The salt flats are an example of an iconic and picturesque spot in Puerto Rico, but Sofía has been coming here to learn how to use salt to decay film, not necessarily film a beautiful view. A mural with contrasting images of Taínos, conquistadores and modern machinery welcomes us as we trespass to catch a better glimpse of the piles of salt. I’m fascinated to learn this particular kind of salt is used to make saline for IV bags, this being the main reason why there was a shortage of them in the US right after Hurricane Maria. Salt is also given to cows to lick so they produce more milk. I leave convinced salt has many ulterior motives. These salt flats have been mined for so long that they must continue to be, otherwise the ecosystem won’t thrive. It’s like nature itself assimilated capitalism and can’t escape it.

The first beach stop coincides with lunch, so we headed to El Combate beach, ordered ceviche, a delicious assortment of fried delicacies and the most ornate (virgin) piña coladas I’ve ever seen. The beach wasn’t completely empty, but the scene was a far cry from a regular Sunday. Covid-19 lockdown in Puerto Rico also means we’re not even legally permitted to lounge on the beach. It seems odd to punish people for being in the open air, but the lockdown measures have continued for months, even mandating people to stay at home on regular, non-election Sundays as part of a 24-hour lockdown. So we swam a little, ate, and quickly made our way towards Lajas, the next town over, for our next tour stop.

Next we headed to Sierra Bermeja, a geologic formation approximately 195 million years old located in the Lajas Valley that suggests there was a collision between the Caribbean and North American tectonic plates. Sofía stays busy along the way by filming the drive over, and quickly changing rolls of film in the back of the car. Most of the land in Puerto Rico consists of secondary forest, that which grows once for-profit cultivation is abandoned. Everywhere we drive around this area, we can see wild cotton and cane flowers. Both of these highly symbolic crops, so tied to histories of exploitation and colonialism, are now left unclaimed by the side of the road, and scattered across fields. They grow wild and “go to waste” without making themselves useful to capitalist productivism. We drove up to the road that leads to a Customs and Border Protection aerostat located in restricted Federal land, only to see it from afar. Another common thread during our trip was that of stumbling or trespassing into Federal land. In a not entirely uncommon twist, we later learned that the Cabo Rojo National Wildlife Refuge where the salt flats are located was established in 1974 by the U.S. Fish and Wildlife Service on land acquired from the Central Intelligence Agency. I’ve made a note to myself to learn more about the Caribbean Bureau of the Foreign Broadcast Information Service that operated out of here. In the future, we’ll be able to legally survey the land around the aerostat. I recently found a B roll of its launch in a Department of Defense information services website.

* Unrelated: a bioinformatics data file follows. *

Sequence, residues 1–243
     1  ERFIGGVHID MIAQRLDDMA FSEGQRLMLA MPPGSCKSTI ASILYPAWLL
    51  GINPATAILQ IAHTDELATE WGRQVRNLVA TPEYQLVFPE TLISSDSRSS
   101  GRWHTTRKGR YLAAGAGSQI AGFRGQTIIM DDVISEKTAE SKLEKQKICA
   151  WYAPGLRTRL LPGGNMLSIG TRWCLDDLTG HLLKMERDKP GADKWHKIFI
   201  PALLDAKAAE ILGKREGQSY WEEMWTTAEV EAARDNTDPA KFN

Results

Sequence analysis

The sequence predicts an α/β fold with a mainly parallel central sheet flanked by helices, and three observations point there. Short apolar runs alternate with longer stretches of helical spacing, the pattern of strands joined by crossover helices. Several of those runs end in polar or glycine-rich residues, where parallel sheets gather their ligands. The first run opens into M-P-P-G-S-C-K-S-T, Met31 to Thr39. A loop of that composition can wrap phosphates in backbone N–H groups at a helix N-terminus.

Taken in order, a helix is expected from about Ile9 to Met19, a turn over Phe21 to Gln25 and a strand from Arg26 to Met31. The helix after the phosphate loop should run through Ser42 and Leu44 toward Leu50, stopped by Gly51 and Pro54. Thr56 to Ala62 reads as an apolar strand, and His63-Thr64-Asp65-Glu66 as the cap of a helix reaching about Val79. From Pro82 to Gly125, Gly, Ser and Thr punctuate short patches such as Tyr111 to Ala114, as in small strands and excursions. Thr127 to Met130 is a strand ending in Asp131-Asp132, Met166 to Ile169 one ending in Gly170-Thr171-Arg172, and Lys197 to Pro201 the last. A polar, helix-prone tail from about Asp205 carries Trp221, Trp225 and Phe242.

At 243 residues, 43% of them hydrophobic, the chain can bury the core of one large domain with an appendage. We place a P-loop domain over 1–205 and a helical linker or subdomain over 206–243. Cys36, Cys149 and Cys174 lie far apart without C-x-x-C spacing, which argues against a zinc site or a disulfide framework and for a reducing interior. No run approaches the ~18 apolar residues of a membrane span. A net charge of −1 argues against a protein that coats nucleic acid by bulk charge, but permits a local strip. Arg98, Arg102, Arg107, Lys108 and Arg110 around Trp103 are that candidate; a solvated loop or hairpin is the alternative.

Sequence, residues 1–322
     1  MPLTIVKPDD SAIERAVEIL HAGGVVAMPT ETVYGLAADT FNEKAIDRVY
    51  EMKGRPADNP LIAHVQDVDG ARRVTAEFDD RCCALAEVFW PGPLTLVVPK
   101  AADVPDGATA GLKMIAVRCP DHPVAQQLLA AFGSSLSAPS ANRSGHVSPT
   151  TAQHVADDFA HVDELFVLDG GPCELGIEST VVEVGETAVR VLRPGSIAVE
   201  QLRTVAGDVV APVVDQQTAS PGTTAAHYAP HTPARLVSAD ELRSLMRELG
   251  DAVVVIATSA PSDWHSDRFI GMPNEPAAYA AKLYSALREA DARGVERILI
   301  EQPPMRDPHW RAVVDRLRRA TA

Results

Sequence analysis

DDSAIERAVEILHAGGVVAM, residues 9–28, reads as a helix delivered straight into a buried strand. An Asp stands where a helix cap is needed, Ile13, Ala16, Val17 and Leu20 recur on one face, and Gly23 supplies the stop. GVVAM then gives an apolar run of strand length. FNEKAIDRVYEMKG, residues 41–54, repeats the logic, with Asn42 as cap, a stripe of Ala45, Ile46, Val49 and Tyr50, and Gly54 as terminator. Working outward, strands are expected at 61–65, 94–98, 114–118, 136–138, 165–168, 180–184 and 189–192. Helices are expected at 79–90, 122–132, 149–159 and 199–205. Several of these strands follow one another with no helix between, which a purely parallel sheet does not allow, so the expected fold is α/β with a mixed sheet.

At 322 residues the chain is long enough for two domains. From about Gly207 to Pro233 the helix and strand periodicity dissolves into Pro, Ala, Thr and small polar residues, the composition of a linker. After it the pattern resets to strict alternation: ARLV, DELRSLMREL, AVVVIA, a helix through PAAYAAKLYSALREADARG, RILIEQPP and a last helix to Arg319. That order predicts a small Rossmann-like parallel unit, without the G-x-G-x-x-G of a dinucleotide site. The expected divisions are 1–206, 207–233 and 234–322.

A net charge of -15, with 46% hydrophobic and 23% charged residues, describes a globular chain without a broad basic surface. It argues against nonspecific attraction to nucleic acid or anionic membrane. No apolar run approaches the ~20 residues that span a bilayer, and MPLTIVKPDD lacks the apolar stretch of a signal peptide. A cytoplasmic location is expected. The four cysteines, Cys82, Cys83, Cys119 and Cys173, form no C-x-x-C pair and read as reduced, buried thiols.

The Lajas Valley area is also well known as a UFO sighting area, even triggering the creation of a UFO landing strip as a tourist attraction several years ago. Now, however, Sofía and I are more entranced by the sight of vultures circling over a municipal dumpster. Don’t get me wrong, the scenery also consists of the beautiful, velvety green hills and mountains that surround the valley. The absolute perfection of this scene —seeing real vultures reminiscent of vulture funds that own Puerto Rico’s public debt— is not lost on Sofía, who asks to make more stops to film the birds.

For our final stop, we headed to Boquerón, the site of many small hotels, beachside cabins, vacationing homes and the biggest Pride month celebration in Puerto Rico. A perfect ending required another dip in the beach and more food. Seeing this town so empty was eerie, yet reassuring in a very messed up way. Maybe we won’t have another Covid-19 spike this weekend.

During these months, Sofía has been looking closely at the times of nature and decay. The pandemic has forced her into dealing with this other kind of time too. Doubting what is easily seen has long been intrinsic to her work, but now it has taken other proportions. The work she speaks of making now is simultaneously deeply personal, particularly in relation to her deceased grandmother, while also addressing the slow death of the status quo we grew up in. Through different kinds of cameras and textures, she is assembling a sort of quarantine diary, filming many kinds of rocks and sediments that evoke the layered histories of these places.